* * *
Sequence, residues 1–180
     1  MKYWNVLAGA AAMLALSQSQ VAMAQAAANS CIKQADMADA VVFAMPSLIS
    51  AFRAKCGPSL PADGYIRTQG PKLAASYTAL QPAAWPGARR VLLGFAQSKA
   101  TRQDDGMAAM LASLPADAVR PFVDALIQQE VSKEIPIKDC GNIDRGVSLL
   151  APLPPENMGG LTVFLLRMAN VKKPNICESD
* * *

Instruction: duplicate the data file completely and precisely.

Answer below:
Sequence, residues 1–180
     1  MKYWNVLAGA AAMLALSQSQ VAMAQAAANS CIKQADMADA VVFAMPSLIS
    51  AFRAKCGPSL PADGYIRTQG PKLAASYTAL QPAAWPGARR VLLGFAQSKA
   101  TRQDDGMAAM LASLPADAVR PFVDALIQQE VSKEIPIKDC GNIDRGVSLL
   151  APLPPENMGG LTVFLLRMAN VKKPNICESD